“Be sincere, be brief, be seated.” – Franklin D. Roosevelt
Is it safe to say that you have attended a record-breaking number of online presentations this year? What percentage of the speakers kept you rapt? How often did your mind wander and the message minimize? I am betting that most went on too long and transformed you too little.
I wonder how many hours we have wasted collectively sitting through remarkably dull and woefully ineffective speeches. Our most precious commodity is time. We can never get those unproductive minutes back.
Admittedly, I am the Chief Critique Officer, thanks to my complete lack of patience for boring orators. Being inattentive is part of my ADHD brain-wiring so this is deeply personal. Oh, how I’d love to tell most online presenters to be sincere, be brief, and be seated!
Having done many hundreds of online speeches and interviews, going back to my Blog Talk Radio days through today’s podcasts, I am always trying to up my game. I pretend that I am my audience. How would I keep my attention?
I can’t give you salient advice on how to stay awake and attentive through a sleeper. Instead, I’ll give you some basics to help you keep your audience rapt.
Whether you are tasked to deliver full-blown training sessions online or must-share short messages, here are a bunch of my public speaking pet peeves.
Please don’t wait for the laggards, even if their reason for tardiness is valid. This shows respect for the majority of us who are ready to roll when you said you would start. This instantly sets the stage for respect and trust. Reward the on-timers, not the late-comers.
Solve the technology issues before you begin.
Please don’t test your audio and video settings when it is showtime. Work out the bugs early. People who attend my online meetings know that I go LIVE between 5 and 10 minutes early. This allows me time to tweak the AV and the lighting. Plus, I get to welcome in the early birds and have a little pre-program chatter which we all love.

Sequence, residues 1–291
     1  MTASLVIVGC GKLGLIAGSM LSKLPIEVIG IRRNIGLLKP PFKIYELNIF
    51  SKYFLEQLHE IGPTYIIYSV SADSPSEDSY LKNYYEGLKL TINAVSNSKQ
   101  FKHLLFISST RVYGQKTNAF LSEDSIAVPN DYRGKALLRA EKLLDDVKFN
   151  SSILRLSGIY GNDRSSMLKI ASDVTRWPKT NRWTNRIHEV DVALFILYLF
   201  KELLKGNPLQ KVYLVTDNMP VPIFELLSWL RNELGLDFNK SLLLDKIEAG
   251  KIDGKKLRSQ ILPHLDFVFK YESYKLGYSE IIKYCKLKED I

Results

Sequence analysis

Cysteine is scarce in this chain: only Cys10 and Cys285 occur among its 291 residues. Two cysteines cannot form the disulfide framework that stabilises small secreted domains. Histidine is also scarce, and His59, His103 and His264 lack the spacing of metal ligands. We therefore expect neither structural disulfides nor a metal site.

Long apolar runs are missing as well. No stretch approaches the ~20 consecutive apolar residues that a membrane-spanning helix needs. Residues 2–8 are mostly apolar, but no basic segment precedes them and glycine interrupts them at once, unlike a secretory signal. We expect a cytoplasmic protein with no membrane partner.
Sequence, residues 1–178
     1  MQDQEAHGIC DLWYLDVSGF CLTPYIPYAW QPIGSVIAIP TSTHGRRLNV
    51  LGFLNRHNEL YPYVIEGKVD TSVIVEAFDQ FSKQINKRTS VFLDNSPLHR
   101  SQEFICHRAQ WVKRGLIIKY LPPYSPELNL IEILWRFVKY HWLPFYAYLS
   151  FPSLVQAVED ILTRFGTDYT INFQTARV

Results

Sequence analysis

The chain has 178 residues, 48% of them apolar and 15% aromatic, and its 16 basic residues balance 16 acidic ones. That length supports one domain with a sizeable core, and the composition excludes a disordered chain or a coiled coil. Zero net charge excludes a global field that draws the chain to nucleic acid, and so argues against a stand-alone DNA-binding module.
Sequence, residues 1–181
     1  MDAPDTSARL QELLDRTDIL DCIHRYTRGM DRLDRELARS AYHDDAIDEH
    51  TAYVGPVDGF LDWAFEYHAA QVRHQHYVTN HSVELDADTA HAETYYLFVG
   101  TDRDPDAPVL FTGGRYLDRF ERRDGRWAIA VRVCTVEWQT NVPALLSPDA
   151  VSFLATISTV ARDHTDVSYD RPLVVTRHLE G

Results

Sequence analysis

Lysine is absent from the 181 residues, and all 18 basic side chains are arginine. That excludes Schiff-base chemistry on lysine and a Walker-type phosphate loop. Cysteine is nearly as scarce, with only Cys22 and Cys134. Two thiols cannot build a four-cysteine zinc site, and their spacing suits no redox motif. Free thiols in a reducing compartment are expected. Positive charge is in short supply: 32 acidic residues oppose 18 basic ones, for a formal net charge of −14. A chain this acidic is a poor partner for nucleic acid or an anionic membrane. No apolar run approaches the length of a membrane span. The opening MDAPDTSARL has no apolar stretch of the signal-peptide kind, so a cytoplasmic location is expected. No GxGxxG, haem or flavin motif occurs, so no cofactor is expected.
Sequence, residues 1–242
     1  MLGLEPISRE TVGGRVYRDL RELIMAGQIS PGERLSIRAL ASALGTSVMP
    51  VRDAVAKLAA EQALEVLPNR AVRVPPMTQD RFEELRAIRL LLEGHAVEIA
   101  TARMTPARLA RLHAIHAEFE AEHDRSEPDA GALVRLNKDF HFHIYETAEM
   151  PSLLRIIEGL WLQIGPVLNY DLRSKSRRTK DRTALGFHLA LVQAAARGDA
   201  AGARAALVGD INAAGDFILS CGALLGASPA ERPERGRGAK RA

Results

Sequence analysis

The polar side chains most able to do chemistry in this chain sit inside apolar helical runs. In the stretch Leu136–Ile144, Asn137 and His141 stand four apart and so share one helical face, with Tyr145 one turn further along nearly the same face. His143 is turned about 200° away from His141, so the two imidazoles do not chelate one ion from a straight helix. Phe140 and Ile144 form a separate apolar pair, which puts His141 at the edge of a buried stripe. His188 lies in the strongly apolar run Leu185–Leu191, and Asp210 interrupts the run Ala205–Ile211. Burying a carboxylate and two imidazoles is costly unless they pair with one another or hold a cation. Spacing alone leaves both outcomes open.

When I feature a guest, we will connect at least 15 minutes earlier to do a proper tech-check. Plus, our pre-show banter is better than doing a cold start.
Review the agenda.
Please confirm what you will deliver, if this will be interactive in the moment and/or if we should save Q&A till the end, and if you are providing any downloadable handouts. Immediately after thanking me for attending, confirm your purpose so that I know you are organized and that we are aligned.
I have seen this happen time and time again: the mic is hot, and the speaker loses composure and all sense of time. Being in the spotlight causes them to ramble. They lose sight of the agenda and blabber on about nothing important. Practiced speakers remain disciplined (which is an extraordinarily challenging feat for ADHDers like me!).
Don’t go long.
Please stay agenda-disciplined and don’t expect me to stay any longer than the original end time. If this was a live concert, it will be my pleasure to hear your encore. Unless you have completed the agenda and have stumbled onto something truly fascinating, keep your promise and end on time.
Say it in half the time.
A giant mistake is scheduling a 60-minute meeting by default. I am convinced that most messages can be more effectively delivered in half that time. If I gave you 30-minutes to deliver the information, versus the full hour, you’d stay disciplined and more impactful.
Get in and get out. Reserve that extra half hour for lively Q&A. It is not about talking faster, it is about talking smarter.
“There are always three speeches, for every one you actually gave. The one you practiced, the one you gave, and the one you wish you gave.”
– Dale Carnegie
When it’s your turn to speak, give the one you wish you gave. This will keep your audience rapt and up your influence!
Stuart Cohen, Chief Motivation Officer at StuartLloydCohen.com
If you can think big, Stuart will help you do big! An accomplished 28-year travel industry executive turned serial solopreneur, Stuart is a creator of brands and an energizing motivational speaker. He motivates & maximizes personal performance in leadership, entrepreneurship, salesmanship & wellness.